Nobody who lives from an objective observer's standpoint inside the universe defined as "Star Trek" who wasn't on one of those two ships will ever know, meet, or be affected by the actions of, the people who made me who I am. It is as though I have been erased from the timeline. Any interest I have in it most certainly has.

    "Star Trek(TM)" is no longer "the future." All of it has been taken away from me, in favour of a truly repugnant reality full of reprehensible choices, terrible outcomes, indismissable sexism (as it's not filmed in the sixties), unlikable people, and lens flares. It's a broken future and I want no part of it.

    The books are all that I've had since the end of Enterprise; A series whose theoretical continuity with what came around it was already potentially adulterated by the interference of the Temporal Cold War storyline, and whose saving grace was, ironically, the news of its own cancellation triggering a changing of the guard in the creative staff. The comics are and will remain irrelevant, having always been ridiculous and contradictory in their content, their stories also critically limited by their medium in both scope and length.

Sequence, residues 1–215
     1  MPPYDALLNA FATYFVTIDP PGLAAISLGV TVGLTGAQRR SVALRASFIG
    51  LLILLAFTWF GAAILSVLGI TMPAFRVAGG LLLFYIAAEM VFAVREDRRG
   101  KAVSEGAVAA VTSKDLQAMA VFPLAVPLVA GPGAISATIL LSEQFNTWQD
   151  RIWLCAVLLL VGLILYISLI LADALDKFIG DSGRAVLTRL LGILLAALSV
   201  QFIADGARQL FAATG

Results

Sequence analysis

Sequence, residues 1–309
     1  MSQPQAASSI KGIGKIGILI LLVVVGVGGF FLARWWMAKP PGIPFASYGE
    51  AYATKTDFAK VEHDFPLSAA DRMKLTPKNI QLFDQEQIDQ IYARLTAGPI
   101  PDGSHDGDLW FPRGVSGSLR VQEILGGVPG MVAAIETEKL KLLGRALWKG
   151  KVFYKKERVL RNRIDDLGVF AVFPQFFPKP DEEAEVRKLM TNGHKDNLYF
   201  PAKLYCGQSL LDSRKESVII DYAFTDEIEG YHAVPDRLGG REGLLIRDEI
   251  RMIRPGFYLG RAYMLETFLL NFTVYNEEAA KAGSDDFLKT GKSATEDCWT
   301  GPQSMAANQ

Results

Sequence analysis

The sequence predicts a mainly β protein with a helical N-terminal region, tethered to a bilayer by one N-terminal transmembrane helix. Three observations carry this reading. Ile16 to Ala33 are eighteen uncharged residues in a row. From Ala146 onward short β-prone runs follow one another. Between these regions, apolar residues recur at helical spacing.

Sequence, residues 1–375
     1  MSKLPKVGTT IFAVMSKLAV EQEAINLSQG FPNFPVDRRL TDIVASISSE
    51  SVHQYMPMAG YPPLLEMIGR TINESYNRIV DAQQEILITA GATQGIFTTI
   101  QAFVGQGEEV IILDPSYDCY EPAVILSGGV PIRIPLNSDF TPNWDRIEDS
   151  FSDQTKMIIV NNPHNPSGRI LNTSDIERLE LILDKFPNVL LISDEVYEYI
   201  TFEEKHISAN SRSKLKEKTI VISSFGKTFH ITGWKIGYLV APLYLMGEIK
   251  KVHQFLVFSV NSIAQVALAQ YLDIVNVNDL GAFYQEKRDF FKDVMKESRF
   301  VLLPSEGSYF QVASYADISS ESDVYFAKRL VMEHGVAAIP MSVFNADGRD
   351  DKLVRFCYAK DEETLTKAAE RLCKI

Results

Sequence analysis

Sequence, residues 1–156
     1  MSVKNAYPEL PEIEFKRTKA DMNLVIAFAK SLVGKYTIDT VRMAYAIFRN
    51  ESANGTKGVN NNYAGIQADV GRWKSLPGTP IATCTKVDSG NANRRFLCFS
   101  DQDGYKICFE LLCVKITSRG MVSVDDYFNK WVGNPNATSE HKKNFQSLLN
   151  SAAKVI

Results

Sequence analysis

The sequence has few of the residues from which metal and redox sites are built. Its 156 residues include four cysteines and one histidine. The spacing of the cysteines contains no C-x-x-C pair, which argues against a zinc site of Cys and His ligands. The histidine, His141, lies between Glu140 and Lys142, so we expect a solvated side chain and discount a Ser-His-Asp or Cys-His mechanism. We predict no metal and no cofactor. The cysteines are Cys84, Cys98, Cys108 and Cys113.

These days, for real Star Trek, the novels are all that matter.

    And that's all about to get fucked up by all this nonsense and legal wrangling over who owns what parts of my imagination.

    The terrible punchline of all this, really, is that what's going on with "Star Trek(TM)" flies in the face of what Star Trek was originally meant to represent.

    All of this bullshit exists so that men can make more money, and so that JJ Abrams can keep making more movies where people beam across light-years, Kirk gets catgirl threesomes, Carol Marcus needs to be naked in public to order to get into a shuttle or whatever the fuck that was about, and where the distance between stars and planets simply isn't a thing, because reasons. "Cold Fusion" is a device that turns volcanoes into ice... Also, racist depictions of indigenous aliens, and the Enterprise works as a submarine under water because why the fuck would it not, amirite guyz?